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by Abigail Van Buren

Job Corps Gives Troubled Teen Lessons for Living

DEAR ABBY: Although your column is often a trouble-dump, may I share some good news? Our son was a troubled teen with behavioral problems. He dropped out of school and hung out with a very rough crowd. We tried everything we could to steer him in the right direction; nothing worked -- until we found Job Corps. We were thrilled to find an alternative to a boot-camp program. After a rocky start, our son is now succeeding. He is learning to be a welder and is close to getting his high school diploma.

The Job Corps is run by the U.S. Department of Labor and provides education and training for qualified youth, ages 16 through 24. Our son lives in a dorm supervised by counselors. He rises at 5:45 a.m. (a huge adjustment!). He has a structured day -- performing chores, attending academic and job-training classes, and afterward playing basketball or seeing a movie.

Abby, please inform other parents and young adults about the Job Corps. It has been a godsend for our son, and for us. -- PROUD PARENTS IN COLORADO

DEAR PROUD PARENTS: Thousands of young men and women have benefited from Job Corps. I urge anyone interested in Job Corps to call 1-800-733-5627 and speak to a counselor.

Students in Job Corps live and learn in a safe environment -- with "zero tolerance" for violence and drugs.

DEAR ABBY: You replied to a funeral director: "The answer lies in being informed consumers, facing the fact of our mortality, and perhaps taking care of the details before the need arises. An important part of that process is being open with one's family about what one's wishes are, and what arrangements have been made."

Well, Abby, I am a realist and have faced the fact of my mortality. I have a will, a durable power of attorney for health-care decisions, and a general power of attorney in case I become mentally impaired.

I have designated my only child, a daughter, to carry out these decisions. When I try to talk to her about my affairs after my death, she says she just can't talk to me about such things. She is very squeamish about the whole subject. She is married to a lawyer, and they don't even have a will. Trying to tell my family my wishes hasn't seemed to work. Do you have another suggestion for me? -- FRESNO, CALIF.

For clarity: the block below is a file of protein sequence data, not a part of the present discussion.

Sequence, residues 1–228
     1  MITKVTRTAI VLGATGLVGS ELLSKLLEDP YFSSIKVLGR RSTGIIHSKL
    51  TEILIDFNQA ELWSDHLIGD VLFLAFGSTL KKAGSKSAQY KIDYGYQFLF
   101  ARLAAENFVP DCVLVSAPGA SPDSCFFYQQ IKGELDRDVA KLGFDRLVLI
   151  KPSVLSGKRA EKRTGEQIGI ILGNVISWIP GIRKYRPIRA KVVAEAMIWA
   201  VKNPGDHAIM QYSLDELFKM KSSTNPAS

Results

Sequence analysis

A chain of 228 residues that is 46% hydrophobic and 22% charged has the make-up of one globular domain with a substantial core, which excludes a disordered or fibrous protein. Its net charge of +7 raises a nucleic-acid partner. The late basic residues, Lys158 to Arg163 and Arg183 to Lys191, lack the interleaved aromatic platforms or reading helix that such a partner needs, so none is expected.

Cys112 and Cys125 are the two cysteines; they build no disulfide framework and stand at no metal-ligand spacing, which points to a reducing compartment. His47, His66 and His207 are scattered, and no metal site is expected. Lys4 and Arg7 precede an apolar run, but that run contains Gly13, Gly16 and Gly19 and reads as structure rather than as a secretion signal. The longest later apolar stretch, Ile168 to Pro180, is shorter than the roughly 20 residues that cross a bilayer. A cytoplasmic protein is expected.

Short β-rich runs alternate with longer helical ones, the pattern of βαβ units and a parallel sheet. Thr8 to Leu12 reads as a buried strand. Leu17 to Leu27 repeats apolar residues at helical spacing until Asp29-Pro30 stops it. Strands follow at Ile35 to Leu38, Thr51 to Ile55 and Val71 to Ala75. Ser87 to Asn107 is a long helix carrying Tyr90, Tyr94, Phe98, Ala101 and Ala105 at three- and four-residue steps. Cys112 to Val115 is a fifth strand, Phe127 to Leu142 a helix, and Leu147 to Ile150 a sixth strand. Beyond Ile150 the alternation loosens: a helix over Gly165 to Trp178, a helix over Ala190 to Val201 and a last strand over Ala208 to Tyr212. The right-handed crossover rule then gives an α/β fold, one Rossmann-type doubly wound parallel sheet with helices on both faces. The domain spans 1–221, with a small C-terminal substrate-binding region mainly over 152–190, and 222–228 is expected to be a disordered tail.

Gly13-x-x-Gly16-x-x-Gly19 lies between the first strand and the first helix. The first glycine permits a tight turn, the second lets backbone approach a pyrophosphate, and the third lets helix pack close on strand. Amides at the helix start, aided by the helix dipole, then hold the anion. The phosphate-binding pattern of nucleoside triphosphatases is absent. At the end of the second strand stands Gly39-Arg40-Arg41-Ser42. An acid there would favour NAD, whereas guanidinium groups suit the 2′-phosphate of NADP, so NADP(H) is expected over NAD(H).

DEAR FRESNO: Yes. Face it, you can't count on your daughter to carry out your wishes. Consider appointing your attorney as your executor, make sure your doctors are aware of your health-care decisions, and find someone else -- a close friend, perhaps -- to name in your power of attorney documents. Your daughter is too emotional to be up to the task you've assigned her.

DEAR ABBY: I was recently trying to decide why my parents and in-laws seemed younger than some of my contemporaries, and then I realized: "You know you're getting older when you spend more time talking about what you did than what you're going to do." -- ROLF BOLSTAD, MINNEAPOLIS

DEAR ROLF: I agree. You're less likely to stumble if you're facing forward, not looking back over your shoulder.

What teens need to know about sex, drugs, AIDS, and getting along with peers and parents is in "What Every Teen Should Know." To order, send a business-sized, self-addressed envelope, plus check or money order for $3.95 ($4.50 in Canada) to: Dear Abby, Teen Booklet, P.O. Box 447, Mount Morris, IL 61054-0447. (Postage is included.)

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